A Hidden History: African Women and the British Health Service, 1930-2000
Recruitment for the British health service from the colonies of the British Empire began in the period after the Second World War. However, nurses, doctors and other medical professionals trained in Britain before this, as higher education was not available in the colonies.
Despite their long history of work within the health service in Britain, the role of African women is rarely highlighted in discussions of the history of the NHS or of health work more generally. As current narratives on black women in the British health service tend to focus on 'Windrush generation' Caribbean contributions, this project will cover new ground and expand the understanding of this history.
Since being awarded Heritage Lottery Funding for African Women and the British Health Service in November 2018, YHP has been pulling together the strands of an un-investigated history. As well as conducting oral history interviews with women such as Dame Elizabeth Anionwu, we have also been building our knowledge through primary and secondary source research, and expanding our skill set through creative workshops.
So far, team members have been conducting research at the National Archives, the Royal College of Nursing, the Black Cultural Archives, the British Library, the BFI Archives and the British Newspaper Archives.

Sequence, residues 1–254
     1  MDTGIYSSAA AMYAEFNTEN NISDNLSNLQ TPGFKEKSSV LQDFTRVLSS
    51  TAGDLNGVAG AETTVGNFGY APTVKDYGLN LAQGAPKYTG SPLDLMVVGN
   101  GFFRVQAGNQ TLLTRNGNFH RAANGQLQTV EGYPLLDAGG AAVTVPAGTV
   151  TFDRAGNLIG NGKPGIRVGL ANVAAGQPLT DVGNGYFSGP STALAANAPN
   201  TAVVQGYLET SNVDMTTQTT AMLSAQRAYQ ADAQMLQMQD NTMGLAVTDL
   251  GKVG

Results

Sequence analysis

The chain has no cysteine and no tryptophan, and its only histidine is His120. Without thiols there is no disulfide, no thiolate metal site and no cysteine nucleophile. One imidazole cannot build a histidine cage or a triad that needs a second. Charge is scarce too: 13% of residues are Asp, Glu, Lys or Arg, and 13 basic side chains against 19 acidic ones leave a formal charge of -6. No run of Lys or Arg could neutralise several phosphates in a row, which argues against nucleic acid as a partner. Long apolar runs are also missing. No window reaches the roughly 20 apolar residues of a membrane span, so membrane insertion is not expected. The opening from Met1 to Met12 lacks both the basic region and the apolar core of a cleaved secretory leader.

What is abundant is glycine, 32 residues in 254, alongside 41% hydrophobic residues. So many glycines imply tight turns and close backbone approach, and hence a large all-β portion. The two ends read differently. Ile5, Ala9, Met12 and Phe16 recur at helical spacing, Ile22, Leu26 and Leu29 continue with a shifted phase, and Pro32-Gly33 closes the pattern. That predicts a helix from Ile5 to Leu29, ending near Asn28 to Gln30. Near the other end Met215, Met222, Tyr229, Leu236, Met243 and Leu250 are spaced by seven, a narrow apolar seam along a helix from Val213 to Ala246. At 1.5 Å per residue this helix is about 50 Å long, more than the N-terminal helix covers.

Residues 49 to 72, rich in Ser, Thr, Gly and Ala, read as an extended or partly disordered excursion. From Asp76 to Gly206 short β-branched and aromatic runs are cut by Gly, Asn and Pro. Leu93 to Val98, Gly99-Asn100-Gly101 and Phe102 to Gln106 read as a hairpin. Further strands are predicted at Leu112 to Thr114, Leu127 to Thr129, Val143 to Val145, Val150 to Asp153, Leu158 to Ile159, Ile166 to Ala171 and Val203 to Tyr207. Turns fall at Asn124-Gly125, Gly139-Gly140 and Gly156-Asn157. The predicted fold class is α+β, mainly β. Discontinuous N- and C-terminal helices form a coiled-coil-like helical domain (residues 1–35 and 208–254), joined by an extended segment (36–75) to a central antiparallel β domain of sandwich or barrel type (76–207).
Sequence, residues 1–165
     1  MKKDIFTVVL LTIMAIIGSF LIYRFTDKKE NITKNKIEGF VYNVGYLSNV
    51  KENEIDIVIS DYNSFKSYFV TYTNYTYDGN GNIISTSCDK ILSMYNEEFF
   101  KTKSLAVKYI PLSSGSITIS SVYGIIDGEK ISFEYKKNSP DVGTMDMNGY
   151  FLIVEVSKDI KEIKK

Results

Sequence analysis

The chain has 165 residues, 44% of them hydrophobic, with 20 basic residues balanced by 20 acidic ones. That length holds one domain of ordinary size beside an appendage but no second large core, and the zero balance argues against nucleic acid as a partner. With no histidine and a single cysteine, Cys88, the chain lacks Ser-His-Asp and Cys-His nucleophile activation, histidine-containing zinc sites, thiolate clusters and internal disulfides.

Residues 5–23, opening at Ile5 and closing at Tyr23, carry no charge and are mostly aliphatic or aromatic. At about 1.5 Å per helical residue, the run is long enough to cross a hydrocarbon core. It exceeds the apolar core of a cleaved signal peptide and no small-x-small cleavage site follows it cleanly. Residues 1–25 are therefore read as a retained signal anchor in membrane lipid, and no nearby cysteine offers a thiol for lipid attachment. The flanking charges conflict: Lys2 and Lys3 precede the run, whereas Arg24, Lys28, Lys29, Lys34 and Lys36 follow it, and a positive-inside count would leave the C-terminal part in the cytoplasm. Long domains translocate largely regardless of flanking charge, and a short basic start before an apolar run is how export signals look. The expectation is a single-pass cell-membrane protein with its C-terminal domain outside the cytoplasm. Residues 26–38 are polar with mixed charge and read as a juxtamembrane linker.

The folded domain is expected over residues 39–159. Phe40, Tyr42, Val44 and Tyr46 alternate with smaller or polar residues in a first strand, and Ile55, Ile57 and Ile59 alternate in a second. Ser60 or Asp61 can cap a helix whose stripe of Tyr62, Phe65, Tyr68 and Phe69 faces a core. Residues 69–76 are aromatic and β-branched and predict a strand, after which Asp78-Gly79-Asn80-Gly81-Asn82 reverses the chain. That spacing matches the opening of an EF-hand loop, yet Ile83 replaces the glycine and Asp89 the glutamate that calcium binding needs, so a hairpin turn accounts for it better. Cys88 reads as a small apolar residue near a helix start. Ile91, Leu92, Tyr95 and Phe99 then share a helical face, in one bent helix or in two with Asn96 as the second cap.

We are actively looking to interview more African women who have worked in the British health service in any capacity between 1930 and 2000. If you would like to be interviewed, or know anyone of that description, please do get in touch!
To stay up-to-date with YHP’s activities and the progress of the project, follow us on Twitter, Facebook and Instagram. For more information and to find out how you can get involved, email us at firstname.lastname@example.org.
The outputs of the project will be an eBook, a documentary film, a commemorative mural at Charing Cross Hospital and an online exhibition. As well as this, we will be producing a podcast series to capture this history in the making.
We envision these outputs will inspire more research to be done in this historical field, and that more young people of African and Caribbean descent will be encouraged to undertake history as an academic endeavour, within the community and as a personal hobby.